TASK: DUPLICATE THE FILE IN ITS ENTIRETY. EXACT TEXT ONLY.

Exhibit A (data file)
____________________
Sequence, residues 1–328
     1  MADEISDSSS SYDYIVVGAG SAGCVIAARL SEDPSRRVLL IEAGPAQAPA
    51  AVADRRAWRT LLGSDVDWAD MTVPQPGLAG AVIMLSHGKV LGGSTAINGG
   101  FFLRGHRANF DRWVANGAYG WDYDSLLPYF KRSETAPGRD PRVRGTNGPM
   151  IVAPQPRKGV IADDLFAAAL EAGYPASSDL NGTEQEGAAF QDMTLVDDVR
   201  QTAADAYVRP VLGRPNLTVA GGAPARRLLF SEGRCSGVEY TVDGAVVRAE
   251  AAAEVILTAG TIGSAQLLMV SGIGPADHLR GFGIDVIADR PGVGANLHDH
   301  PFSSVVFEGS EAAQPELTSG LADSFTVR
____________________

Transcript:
Sequence, residues 1–328
     1  MADEISDSSS SYDYIVVGAG SAGCVIAARL SEDPSRRVLL IEAGPAQAPA
    51  AVADRRAWRT LLGSDVDWAD MTVPQPGLAG AVIMLSHGKV LGGSTAINGG
   101  FFLRGHRANF DRWVANGAYG WDYDSLLPYF KRSETAPGRD PRVRGTNGPM
   151  IVAPQPRKGV IADDLFAAAL EAGYPASSDL NGTEQEGAAF QDMTLVDDVR
   201  QTAADAYVRP VLGRPNLTVA GGAPARRLLF SEGRCSGVEY TVDGAVVRAE
   251  AAAEVILTAG TIGSAQLLMV SGIGPADHLR GFGIDVIADR PGVGANLHDH
   301  PFSSVVFEGS EAAQPELTSG LADSFTVR